When big business is the target, and tech in particular, the standards of proof for Op-Eds seem to decline. Somehow, because we all know that the big tech companies are bad, or jeopardizing democracy, it is OK to make weakly argued claims.
In November 1931 Churchill also published an article entitled ‘Fifty Years Hence’ in Maclean’s Magazine, in which he made some absurd predictions — that we would grow only those parts of chickens we wanted to eat, for example — but also some astonishingly accurate ones. ‘Wireless telephones and television…
3. With @RyanHawk12 on The Learning Leader Show – Talked about developing skills for what is scarce, Stubborn Attachments, & having a complete dedication to your craft http://bit.ly/tylercowenryanhawk.
4. The Future Library — books that will not be published until their authors die (NYT).
5. New journal allows academics to publish controversial articles under a pseudonym (while they are still alive).
What do #1, #4, and #5 on this list have in common? Three such items in one day? Is it possible that Leo Strauss is underrated?
Let’s start with some possible institutional failures in mainstream philanthropy. Many foundations have large staffs, and so a proposal must go through several layers of approval before it can receive support or even reach the desk of the final decision-maker. Too many vetoes are possible, which means relatively conservative, consensus-oriented proposals emerge at the end of the process. Furthermore, each layer of approval is enmeshed in an agency game, further cementing the conservatism. It is not usually career-enhancing to advance a risky or controversial proposal to one’s superiors.
There is yet another bias: the high fixed costs of processing any request discriminate against very small proposals, which either are not worthwhile to approve or they are never submitted in the first place.
Finally, foundations often become captured by their staffs. The leaders become fond of their staffs, try to keep them in the jobs, regard the staff members as a big part of their audience, and adopt the perspectives of their staffs, more so as time passes. That encourages conservatism all the more, because the foundation leaders do not want their staffs to go away, and so they act to preserve financial and reputational capital.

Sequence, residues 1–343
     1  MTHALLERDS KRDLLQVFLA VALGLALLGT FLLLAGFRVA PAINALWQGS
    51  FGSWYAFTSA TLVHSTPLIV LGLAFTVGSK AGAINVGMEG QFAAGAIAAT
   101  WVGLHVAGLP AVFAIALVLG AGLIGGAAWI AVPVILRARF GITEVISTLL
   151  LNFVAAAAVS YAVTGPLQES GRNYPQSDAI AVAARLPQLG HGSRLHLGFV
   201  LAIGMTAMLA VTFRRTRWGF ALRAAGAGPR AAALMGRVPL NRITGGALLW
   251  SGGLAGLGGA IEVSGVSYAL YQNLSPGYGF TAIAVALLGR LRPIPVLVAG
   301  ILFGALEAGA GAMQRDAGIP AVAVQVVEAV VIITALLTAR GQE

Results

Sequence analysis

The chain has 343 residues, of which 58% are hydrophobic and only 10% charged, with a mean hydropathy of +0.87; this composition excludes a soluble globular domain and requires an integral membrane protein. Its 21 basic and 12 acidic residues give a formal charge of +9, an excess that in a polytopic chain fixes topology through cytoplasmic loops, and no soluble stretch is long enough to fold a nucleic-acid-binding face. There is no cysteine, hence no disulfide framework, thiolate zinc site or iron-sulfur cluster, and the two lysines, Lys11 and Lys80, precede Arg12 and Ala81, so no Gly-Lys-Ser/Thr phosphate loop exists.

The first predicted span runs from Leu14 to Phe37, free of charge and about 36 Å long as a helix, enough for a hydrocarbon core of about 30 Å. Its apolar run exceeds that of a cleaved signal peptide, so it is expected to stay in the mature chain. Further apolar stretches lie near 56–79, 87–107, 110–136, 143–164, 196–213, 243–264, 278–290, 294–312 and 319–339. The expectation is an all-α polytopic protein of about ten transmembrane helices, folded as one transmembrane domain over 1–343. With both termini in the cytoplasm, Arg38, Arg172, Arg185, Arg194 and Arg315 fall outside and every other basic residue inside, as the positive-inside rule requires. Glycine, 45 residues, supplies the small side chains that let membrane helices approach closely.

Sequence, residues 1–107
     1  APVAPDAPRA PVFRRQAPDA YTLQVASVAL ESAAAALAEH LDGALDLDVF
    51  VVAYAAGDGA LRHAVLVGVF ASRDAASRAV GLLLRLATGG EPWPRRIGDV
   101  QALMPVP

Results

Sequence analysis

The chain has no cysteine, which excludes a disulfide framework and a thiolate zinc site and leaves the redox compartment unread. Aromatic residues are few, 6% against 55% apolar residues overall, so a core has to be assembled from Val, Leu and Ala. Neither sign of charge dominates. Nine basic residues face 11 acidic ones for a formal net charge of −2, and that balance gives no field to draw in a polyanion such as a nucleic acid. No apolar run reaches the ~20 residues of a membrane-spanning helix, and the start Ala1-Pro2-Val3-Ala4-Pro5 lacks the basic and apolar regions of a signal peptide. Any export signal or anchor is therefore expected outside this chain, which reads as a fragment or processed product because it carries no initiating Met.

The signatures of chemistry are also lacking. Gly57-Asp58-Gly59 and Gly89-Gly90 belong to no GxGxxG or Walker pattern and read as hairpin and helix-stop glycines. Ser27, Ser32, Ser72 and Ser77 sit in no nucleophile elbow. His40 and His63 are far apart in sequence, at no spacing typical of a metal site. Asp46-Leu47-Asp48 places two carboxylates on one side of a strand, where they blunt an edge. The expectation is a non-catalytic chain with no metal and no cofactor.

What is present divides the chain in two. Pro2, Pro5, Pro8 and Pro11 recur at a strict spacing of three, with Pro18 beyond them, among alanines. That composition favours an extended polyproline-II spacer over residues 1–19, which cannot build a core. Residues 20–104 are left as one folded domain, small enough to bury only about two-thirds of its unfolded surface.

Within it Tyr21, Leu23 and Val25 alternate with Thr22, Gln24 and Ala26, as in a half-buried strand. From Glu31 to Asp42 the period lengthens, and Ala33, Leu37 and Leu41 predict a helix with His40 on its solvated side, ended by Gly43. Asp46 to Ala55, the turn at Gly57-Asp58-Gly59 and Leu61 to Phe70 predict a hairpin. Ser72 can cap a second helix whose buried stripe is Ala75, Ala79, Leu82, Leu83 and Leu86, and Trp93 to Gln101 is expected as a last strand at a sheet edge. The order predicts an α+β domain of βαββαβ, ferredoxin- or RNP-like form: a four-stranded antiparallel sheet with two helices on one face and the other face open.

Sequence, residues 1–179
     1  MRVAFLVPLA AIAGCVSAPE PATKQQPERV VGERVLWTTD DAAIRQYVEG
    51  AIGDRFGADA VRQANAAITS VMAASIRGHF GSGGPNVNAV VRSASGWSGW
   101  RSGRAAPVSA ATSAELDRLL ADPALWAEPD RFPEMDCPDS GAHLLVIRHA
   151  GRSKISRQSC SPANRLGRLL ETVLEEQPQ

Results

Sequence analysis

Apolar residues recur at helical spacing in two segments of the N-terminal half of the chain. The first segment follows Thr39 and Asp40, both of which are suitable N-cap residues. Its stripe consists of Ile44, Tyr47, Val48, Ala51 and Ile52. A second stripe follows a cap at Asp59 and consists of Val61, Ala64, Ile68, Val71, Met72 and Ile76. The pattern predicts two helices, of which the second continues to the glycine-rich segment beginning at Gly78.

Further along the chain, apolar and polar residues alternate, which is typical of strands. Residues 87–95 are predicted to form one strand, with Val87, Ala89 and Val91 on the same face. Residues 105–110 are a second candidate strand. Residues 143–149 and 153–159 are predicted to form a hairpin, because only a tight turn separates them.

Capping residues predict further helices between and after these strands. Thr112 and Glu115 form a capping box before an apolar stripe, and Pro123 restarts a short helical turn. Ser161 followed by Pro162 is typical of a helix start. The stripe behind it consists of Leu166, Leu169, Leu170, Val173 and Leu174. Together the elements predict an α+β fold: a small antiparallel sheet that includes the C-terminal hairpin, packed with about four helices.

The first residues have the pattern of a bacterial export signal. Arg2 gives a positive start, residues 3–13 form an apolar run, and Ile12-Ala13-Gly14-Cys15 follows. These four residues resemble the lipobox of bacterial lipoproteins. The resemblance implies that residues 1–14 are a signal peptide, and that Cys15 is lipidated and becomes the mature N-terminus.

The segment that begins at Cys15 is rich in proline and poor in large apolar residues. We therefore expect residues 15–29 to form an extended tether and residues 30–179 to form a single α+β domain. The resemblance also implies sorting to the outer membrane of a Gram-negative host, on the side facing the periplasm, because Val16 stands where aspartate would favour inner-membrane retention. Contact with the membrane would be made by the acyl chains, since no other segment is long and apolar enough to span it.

To restate those biases:
- Too much conservatism
- Too few very small grants
- Too much influence for staff
So how might those biases be remedied?
Why not experiment with only a single layer of no?
Have a single individual say yes or no on each proposal — final word, voila! Of course that individual can use referees and conferees as he or she sees fit.
The single judge could be an expert in some of the relevant subject areas of the proposals (that is sometimes the case in foundations, but even then the expertise of the foundation evaluators can decay).
This arrangement also can promise donors 100% transmission of their money to recipients, or close to that. If someone gives $1 million to the fund, the award winners receive the full $1 million. This is rare in non-profits. (In the case of Emergent Ventures there are unbudgeted time costs for me and my assistant, who prints out the proposals, and the paper costs of the printing get charged to general operating expenses at Mercatus. Still, a $1 million grant at the margin leads to $1 million in actual awards. I am not paid to do this.)
The solo evaluator — if he or she has the right skills of temperament and judgment — can take risks with the proposals, unencumbered by the need to cover fixed costs and keep “the foundation” up and running. Think of it as a “pop-up foundation,” akin to a pop-up restaurant, and you know who is the chef in the kitchen. It is analogous to a Singaporean food stall, namely with low fixed costs, small staff, and the chef’s ability to impose his or her own vision on the food.
Once a fixed sum of money is given away, and the mission of the project (beneficial social change) has been furthered, “the foundation” goes away. No one is laid off. Rather than crying over a vanquished institutional empire and laid off friends/co-workers, the solo evaluator in fact has a chance to get back to personally profitable work. It was “lean and mean” all along, except it wasn’t mean.
The risk-taking in grant decisions is consistent with the incentives of the evaluator, consistent with the level of staffing (zero), and consistent with the means of the evaluator. A solo evaluator, no matter how talented, does not have the resources to make and tie down multiple demands for complex deliverables. Rather, a solo evaluator is likely to think (or not) — “hmm…there is some potential in this one.” The wise solo evaluator is likely to look for projects that have real upside through realizing the autonomous visions of their self-starting creators, rather than projects that appear bureaucratically perfect.